Your #1 New Year’s Resolution is probably to “lose weight.”
There is a new deception being perpetrated on consumers by the food industry. Knowing the truth and avoiding these products will almost guarantee you a more normal appetite and greater overall health.
Back in 2013, we all saw the “pro” High Fructose Corn Syrup (HFCS) television ads by the Corn Refiners Association (CRA). What you may not know is that the same people telling us that HFCS is “safe” and “natural” were – at the same time – trying to get its name changed. The CRA petitioned the FDA to allow manufacturers to label the product “corn sugar” instead. Sounds safe and natural, doesn’t it? The FDA denied that request.
This isn’t the first time the food industry has used this tactic. In a relatively benign move, prunes can now be called “dried plums”. On the other hand, variations on a neurotoxic food additive we know as monosodium glutamate can now be referred to by 25 different names including “natural flavoring” and “hydrolyzed vegetable protein”.
The CRA ads are based on most people not really knowing much about HFCS. We’ve all heard a little about the research that shows consumption of HFCS leads to obesity and metabolic syndrome, but few know the details. So, here are some details.
In results published online Feb. 26, 2010, by the journal Pharmacology, Biochemistry and Behavior, (1) researchers from the Princeton University Department of Psychology and the Princeton Neuroscience Institute reported on two experiments investigating the link between the consumption of high-fructose corn syrup and obesity. In their first study, rats with access to high-fructose corn syrup gained significantly more weight than those with access to table sugar, even when their overall caloric intake was the same.
“Some people have claimed that high-fructose corn syrup is no different than other sweeteners when it comes to weight gain and obesity, but our results make it clear that this just isn’t true, at least under the conditions of our tests,” said Princeton psychology professor Bart Hoebel, who specializes in the neuroscience of appetite, weight and sugar addiction. “When rats are drinking high-fructose corn syrup at levels well below those in soda pop, they’re becoming obese — every single one, across the board. (2)
Now let’s consider the CRA’a assertion that HFCS is “natural”. To me, that implies that HFCS exists naturally in the corn and it merely has to be squeezed out or other otherwise extracted. Wrong – by a long shot. HFCS is a purely man-made compound developed in 1957 to create a sweetener that was cheaper and easier to manufacture food with than natural sugars.
HFCS is made by a process that starts out by milling corn to produce corn starch. The cornstarch is then treated in a fermentation vat with multiple agents to create a mixture of about 42% fructose and 50-52% glucose with some other complex sugars mixed in. This compound, called HFCS42, is what was used in most foods and baked goods. The HFCS55 used in soft drinks, which is 55% fructose, is made by subjecting HFCS42 to yet another chemical process involving reagents where the fructose content is “enriched” to 90%. This HFCS90 is then back-blended with the less sweet HFCS42 to create HFCS55.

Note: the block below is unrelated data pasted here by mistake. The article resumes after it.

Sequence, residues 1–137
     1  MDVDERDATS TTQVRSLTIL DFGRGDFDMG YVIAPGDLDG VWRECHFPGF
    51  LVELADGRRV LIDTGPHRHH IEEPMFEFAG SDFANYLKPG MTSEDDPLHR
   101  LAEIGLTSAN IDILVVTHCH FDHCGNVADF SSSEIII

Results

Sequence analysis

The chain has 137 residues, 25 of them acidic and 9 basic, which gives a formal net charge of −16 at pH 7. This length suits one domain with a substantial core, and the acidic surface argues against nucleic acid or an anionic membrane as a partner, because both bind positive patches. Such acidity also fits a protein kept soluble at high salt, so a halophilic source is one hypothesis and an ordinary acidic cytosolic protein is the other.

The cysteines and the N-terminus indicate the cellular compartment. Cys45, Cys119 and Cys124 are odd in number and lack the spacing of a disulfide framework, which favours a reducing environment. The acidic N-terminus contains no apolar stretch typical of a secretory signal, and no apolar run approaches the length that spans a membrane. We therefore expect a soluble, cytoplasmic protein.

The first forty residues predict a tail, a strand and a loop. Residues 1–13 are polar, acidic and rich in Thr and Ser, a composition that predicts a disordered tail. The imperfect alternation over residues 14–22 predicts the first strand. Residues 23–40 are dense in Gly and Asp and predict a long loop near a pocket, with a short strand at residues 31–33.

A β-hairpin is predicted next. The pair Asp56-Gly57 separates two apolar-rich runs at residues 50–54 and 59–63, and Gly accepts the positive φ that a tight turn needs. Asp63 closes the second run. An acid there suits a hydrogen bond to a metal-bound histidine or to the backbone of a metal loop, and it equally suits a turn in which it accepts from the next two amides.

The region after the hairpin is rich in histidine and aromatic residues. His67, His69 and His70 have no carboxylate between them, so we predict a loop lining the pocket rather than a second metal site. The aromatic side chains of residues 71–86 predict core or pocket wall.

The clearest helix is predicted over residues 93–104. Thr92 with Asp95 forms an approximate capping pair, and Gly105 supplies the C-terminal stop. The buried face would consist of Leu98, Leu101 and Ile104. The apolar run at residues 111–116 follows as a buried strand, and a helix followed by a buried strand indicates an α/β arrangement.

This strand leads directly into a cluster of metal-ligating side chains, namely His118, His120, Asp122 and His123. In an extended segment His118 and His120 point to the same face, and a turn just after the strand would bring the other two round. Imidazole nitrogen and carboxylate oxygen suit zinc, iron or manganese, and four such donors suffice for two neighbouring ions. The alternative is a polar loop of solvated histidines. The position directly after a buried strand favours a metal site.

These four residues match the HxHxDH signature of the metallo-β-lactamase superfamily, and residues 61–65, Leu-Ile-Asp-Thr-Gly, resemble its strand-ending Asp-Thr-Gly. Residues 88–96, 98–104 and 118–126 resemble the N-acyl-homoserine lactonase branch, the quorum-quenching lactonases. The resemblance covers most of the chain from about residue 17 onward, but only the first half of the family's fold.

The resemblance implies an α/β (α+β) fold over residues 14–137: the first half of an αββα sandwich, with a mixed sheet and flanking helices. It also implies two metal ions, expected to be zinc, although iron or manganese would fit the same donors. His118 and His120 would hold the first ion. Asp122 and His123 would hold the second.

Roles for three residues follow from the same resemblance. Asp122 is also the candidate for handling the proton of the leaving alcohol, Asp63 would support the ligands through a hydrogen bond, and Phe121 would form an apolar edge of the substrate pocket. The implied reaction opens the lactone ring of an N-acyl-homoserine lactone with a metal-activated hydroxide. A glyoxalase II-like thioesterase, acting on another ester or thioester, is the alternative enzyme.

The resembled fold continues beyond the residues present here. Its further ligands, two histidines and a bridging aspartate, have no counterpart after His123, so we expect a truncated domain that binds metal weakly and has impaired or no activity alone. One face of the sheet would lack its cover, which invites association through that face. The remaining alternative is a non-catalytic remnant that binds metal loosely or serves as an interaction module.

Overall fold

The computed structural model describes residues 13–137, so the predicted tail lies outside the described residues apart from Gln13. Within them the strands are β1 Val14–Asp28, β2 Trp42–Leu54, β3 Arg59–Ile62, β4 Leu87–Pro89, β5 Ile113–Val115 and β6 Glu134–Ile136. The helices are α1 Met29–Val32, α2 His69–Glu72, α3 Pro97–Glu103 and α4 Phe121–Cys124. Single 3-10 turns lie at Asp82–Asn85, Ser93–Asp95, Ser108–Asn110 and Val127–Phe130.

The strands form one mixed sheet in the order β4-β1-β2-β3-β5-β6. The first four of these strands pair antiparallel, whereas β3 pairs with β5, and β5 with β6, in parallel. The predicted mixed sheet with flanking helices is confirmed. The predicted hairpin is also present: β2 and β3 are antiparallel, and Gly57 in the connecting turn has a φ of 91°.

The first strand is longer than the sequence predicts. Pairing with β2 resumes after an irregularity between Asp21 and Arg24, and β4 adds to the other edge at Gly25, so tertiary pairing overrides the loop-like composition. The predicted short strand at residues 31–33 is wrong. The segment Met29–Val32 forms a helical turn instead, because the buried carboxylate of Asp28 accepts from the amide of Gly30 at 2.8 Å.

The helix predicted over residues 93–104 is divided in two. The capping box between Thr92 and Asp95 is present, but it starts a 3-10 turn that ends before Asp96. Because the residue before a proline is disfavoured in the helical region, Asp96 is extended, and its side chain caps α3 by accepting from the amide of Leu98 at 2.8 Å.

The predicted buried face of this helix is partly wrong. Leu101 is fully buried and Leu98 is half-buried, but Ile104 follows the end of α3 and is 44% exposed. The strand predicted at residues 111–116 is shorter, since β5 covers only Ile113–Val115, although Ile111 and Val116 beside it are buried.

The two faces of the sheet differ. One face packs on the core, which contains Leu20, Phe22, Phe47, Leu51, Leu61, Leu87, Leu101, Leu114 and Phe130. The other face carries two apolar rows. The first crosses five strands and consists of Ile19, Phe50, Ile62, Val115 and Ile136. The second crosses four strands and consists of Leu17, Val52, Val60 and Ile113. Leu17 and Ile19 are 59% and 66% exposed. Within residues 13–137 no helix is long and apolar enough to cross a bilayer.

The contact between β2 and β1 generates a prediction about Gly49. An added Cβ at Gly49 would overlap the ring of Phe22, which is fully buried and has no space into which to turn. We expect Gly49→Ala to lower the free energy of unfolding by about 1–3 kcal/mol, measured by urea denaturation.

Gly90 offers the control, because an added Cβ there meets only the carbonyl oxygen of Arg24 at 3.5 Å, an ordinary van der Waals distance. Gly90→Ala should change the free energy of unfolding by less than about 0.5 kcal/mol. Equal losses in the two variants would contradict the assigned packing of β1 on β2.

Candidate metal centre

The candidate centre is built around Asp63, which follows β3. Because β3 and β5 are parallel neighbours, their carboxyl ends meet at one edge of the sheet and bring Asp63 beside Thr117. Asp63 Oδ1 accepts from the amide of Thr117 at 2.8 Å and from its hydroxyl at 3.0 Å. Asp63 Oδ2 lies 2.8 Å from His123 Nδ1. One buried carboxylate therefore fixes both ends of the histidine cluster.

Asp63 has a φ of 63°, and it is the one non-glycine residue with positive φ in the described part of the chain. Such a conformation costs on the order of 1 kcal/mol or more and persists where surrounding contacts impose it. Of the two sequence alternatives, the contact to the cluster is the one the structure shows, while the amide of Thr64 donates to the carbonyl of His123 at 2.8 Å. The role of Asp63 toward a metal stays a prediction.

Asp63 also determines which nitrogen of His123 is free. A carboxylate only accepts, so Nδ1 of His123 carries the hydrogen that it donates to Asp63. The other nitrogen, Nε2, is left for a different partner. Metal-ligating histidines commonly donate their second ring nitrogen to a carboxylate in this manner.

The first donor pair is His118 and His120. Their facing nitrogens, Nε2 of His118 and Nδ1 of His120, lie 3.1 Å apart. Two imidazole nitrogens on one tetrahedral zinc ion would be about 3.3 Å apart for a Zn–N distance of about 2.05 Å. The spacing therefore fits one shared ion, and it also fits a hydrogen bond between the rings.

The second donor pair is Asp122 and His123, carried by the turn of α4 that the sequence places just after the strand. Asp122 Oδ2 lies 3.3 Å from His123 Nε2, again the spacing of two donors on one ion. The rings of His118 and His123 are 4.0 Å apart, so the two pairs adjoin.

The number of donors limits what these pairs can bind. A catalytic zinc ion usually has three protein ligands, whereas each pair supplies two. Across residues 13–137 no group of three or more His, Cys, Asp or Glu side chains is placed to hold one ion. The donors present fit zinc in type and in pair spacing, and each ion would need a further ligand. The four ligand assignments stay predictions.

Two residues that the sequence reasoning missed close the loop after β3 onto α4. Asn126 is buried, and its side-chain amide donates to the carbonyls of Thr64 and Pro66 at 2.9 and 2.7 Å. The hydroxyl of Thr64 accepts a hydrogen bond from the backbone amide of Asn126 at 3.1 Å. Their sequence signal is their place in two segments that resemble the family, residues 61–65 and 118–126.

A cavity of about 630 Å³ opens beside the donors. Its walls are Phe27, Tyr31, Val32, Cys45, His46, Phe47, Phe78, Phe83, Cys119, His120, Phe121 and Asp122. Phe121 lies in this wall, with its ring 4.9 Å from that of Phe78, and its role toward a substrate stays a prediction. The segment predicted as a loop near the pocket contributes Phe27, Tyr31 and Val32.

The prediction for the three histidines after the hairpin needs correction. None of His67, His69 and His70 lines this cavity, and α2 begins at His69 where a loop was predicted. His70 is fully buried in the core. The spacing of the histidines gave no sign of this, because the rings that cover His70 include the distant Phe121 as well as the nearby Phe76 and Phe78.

So where is the new deception? While HFCS42 and 55 still have to carry the label ‘high fructose corn syrup’, food manufacturers are now just using less of the more potent form HFCS90 and are allowed to get away with labeling it as simply “Fructose.” A box of cereal or other processed food can declare “No High Fructose Corn Syrup!” on the front, and yet have the more concentrated form of the exact same thing listed in the ingredients as simply ‘fructose.’(3)
So what’s the problem? The problem with HFCS is that your brain doesn’t recognize it as food. It bypasses your normal satisfaction or satiety mechanisms. And you just keep eating.
When you eat calories from natural foods, they turn off your desire to eat by inhibiting production of NPY (a chemical that decreases metabolism and increases appetite), and/or by producing more CART (a chemical that increases metabolism and reduces appetite). (4) By circumventing our over-eating inhibitors, HFCS can turn people into unsatisfied superconsumers, chugging down super-sized soft drinks that can contain as much as 62 grams of fructose and 50+ grams of glucose.
And, if that wasn’t enough, here’s another caveat to consider. In 2009, studies by the Institute for Agriculture and Trade Policy (IATP), published in Environmental Health, researchers found detectable levels of mercury in 9 of 20 samples of commercial HFCS, and one third of all name-brand foods tested! The foods with mercury contamination all contained HFCS.
“Mercury is toxic in all its forms. Given how much high-fructose corn syrup is consumed by children, it could be a significant additional source of mercury never before considered.” Dr. David Wallinga, a co-author of both studies, said in a prepared statement.
It would seem the grocery stores we’ve been eating from all of our lives are being turned into health minefields. When you see “fructose” on a label now, just remember… it isn’t apple juice they’re putting in your food.
Avoiding processed foods with all of the neurotoxins and “Franken-sugars” is certainly a good step towards regaining your health. But, if you really want to turn back the clock on the way you feel every day, 2016 might be the year for you to enroll in a DzLogic Restorative Medicine Program. Our members tell us over and over again “Thank you! You gave me my life back!”
Would you like to have your health and energy back? Simply give us a call.
4. You on a Diet; Revised Edition – Drs. Michael Roizen, Mehmet Oz